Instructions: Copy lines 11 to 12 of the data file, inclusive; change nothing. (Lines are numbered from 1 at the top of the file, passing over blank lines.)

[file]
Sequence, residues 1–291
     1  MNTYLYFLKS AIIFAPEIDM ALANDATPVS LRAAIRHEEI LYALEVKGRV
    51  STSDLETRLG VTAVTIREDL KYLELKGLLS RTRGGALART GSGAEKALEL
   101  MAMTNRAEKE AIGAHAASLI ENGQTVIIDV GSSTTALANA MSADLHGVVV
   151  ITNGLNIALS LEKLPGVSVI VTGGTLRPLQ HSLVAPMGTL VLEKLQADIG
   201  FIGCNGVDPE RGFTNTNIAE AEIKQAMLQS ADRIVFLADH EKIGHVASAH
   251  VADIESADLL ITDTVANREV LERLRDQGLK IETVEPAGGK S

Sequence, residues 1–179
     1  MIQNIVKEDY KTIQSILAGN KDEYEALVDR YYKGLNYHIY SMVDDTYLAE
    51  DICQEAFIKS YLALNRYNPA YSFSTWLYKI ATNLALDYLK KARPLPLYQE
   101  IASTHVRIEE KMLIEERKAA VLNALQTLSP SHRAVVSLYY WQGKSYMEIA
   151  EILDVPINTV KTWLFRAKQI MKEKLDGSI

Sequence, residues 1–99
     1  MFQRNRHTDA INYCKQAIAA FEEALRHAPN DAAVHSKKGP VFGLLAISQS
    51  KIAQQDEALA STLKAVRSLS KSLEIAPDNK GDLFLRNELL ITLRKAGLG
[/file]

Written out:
   101  IASTHVRIEE KMLIEERKAA VLNALQTLSP SHRAVVSLYY WQGKSYMEIA
   151  EILDVPINTV KTWLFRAKQI MKEKLDGSI